My Zero-Work Perennial Vegetables

I love my perennial veggies. My whole food garden, each spring, is designed around the little edibles that emerge, many as new unplanned-for surprises.

Corn mache is among the first edibles to appear in the garden. I let them go to seed each spring so they can come up around the garden next winter. If you haven’t tried corn mache, it’s a hearty salad green you’ve likely seen in fancy restaurants. It can be eaten as part of your raw salad or you can stir fry it. We also throw it in smoothies for an extra jolt of green veggie vitamins.

corn mache.jpg

Jerusalem artichokes: Plant them once and you’ll get them year after year as you’re sure to miss a few tubers during harvest. These can be harvested all winter long.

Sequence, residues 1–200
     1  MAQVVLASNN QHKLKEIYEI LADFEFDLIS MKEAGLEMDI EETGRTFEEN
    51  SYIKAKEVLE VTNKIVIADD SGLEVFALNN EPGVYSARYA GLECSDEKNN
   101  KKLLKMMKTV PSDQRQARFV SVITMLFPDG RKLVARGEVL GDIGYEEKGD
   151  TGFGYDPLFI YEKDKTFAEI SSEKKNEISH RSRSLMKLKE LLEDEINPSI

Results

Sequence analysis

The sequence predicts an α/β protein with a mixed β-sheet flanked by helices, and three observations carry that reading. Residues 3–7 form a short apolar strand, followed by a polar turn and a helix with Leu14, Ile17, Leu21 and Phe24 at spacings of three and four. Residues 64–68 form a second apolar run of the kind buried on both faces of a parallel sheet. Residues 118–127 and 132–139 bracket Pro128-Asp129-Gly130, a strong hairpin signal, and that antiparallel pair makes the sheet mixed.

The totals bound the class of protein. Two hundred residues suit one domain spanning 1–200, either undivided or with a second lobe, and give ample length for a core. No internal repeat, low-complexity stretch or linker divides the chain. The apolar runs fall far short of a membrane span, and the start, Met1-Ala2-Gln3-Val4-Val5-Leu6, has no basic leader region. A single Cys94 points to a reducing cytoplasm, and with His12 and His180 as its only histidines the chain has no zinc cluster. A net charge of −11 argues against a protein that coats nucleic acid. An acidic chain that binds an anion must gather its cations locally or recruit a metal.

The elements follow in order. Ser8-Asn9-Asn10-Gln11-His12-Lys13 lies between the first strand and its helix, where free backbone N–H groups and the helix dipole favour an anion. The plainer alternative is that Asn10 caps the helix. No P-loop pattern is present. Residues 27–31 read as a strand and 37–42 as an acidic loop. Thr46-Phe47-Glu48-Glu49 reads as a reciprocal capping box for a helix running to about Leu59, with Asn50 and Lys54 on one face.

Walking onions: These are one of my favorite perennial veggies for the garden. They’re an heirloom variety of onion that produces a long scape with an onion flower on the end that turns into a bulb. Just let it reach for the sky and then bend over and plant itself right into the earth again, walking its way around your garden. This is why my garden changes design each year. I modify the shape and configuration of beds based upon where the onions have walked and where other vegetables have reseeded themselves. I simply weed around my perennial food.
You eat the walking onion greens, which are a full-bodied onion flavor, very strong, and can be used as an onion substitute in any recipe.

walking onions.jpg